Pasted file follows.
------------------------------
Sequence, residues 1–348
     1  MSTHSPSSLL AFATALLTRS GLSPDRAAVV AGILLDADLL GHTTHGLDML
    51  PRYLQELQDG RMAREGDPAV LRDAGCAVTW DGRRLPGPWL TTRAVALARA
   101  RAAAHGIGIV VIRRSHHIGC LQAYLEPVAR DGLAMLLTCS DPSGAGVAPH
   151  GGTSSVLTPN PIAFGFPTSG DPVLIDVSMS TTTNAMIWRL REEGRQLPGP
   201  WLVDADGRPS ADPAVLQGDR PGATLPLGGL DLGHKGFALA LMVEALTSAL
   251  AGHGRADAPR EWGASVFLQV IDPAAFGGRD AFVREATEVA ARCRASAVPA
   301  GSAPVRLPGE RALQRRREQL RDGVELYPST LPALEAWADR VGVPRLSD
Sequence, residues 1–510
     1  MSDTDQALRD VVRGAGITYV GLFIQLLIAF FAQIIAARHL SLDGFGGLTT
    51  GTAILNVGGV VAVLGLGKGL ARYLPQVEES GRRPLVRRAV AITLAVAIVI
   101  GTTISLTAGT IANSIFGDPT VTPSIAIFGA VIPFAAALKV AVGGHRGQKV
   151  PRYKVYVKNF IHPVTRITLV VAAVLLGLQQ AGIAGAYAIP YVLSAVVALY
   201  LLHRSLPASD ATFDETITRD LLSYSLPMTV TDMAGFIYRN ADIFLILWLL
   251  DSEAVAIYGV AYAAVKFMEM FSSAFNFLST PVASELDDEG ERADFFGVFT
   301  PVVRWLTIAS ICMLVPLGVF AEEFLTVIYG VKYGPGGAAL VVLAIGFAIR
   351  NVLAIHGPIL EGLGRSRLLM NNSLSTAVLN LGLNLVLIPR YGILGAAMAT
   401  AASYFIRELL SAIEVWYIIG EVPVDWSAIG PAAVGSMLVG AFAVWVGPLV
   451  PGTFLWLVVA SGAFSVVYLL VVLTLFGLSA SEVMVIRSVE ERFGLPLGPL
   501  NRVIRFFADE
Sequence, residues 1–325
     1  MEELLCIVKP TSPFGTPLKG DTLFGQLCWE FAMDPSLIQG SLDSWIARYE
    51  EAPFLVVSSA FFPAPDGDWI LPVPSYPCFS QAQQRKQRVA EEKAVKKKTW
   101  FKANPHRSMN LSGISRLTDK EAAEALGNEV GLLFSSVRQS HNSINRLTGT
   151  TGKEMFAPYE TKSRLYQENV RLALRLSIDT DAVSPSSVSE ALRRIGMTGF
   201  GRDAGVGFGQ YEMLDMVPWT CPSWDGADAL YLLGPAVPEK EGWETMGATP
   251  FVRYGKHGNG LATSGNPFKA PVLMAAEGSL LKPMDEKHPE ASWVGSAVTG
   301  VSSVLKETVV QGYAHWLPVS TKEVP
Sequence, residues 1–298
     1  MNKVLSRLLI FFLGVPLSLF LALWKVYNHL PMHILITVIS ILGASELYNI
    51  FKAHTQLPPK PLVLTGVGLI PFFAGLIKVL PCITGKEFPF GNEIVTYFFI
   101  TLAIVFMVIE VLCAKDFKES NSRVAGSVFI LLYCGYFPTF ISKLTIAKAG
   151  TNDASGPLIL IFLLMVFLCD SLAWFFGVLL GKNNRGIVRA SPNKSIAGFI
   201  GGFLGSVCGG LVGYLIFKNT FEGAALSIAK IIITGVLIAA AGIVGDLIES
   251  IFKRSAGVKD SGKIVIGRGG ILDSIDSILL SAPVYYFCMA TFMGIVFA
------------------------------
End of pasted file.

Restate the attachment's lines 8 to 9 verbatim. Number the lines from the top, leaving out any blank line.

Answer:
   301  GSAPVRLPGE RALQRRREQL RDGVELYPST LPALEAWADR VGVPRLSD
Sequence, residues 1–510